Can you see the wounded person beneath the behavior?

hug_me__by_happymonsterr-d2y6pqyKate Swoboda has a “love letter to the world” posted on her Your Courageous Life website. No telling how I stumbled upon it, but as I read her words my eyes filled with tears and I was reminded that we’re all going through this life journey doing the best we can. It’s easy to judge, while the opposite response—compassion—often requires both humility and effort. Swoboda encourages us to practice these qualities and to dare to respond differently in situations we each face everyday.

“Whatever we see in the world, that is us, too. Cultivate a willingness to compassionately drop down into the zero center of someone else’s imperfection, and you’ll see their pain, and a piece of your own. We are not so very different. We are far more alike than we often believe. With courageous hearts, we can change the world. So here goes:

In the face of complaints, look that person in the eye and imagine what it might have been like to be raised to see only what is wrong.
In the face of selfishness, wonder what it might be like to walk the world with a feeling of lack, of depletion.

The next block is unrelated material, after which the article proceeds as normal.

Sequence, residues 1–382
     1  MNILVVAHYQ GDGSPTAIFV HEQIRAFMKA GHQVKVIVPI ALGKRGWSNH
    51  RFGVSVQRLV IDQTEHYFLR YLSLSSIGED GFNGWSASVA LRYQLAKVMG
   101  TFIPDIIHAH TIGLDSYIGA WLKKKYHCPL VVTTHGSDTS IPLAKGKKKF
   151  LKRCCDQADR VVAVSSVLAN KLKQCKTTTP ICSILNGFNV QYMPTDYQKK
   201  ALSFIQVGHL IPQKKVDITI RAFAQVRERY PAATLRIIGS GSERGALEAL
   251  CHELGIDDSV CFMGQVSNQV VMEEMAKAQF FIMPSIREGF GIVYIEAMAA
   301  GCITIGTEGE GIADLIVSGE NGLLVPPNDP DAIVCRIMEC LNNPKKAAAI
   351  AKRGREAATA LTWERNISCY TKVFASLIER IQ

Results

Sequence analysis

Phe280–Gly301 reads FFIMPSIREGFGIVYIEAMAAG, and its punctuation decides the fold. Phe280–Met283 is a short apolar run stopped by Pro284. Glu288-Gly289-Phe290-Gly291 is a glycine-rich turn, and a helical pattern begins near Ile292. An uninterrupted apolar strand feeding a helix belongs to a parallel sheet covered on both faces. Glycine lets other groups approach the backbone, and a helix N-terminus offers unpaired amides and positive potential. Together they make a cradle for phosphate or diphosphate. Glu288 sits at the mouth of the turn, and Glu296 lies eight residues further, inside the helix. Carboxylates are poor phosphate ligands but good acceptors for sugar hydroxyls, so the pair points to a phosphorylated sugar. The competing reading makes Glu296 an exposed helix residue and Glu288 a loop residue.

In the face of insults, consider where this person first learned that it’s okay to abuse others.
In the face of disconnection, think about what causes it, and ask if your response will widen the river between the two of you.
In the face of laziness, recognize the fear of living big dreams.
In the face of extremism or fundamentalism, see the clinging, as well as the terror-filled silence that would arise for that person if they risked letting go.
In the face of controlling behavior, understand the chaos that must have bred it.
In the face of “always needing to be right,” see how often this person was once made wrong.
In the face of arrogance or bravado, hold gently that still, small piece that says “I’m not enough.”
In the face of drama or attention-seeking, see the person who wishes so much to be seen.
In the face of accusation, imagine what it might be like to live life with suspicion.
In the face of judgement or comparisons, step into the opportunity the world has just provided you for practicing love and acceptance.
In the face of passive-aggressiveness, recognize the child that wasn’t taught a safe way to express their truth.
In the face of anger, see the pain of isolation from others.
Most importantly: In the face of ferocious hatred, believe in the possibility that there exists the potential for equally as big, intense, lovely and fiery ferocious love.”

Can you see the wounded person beneath the behavior?

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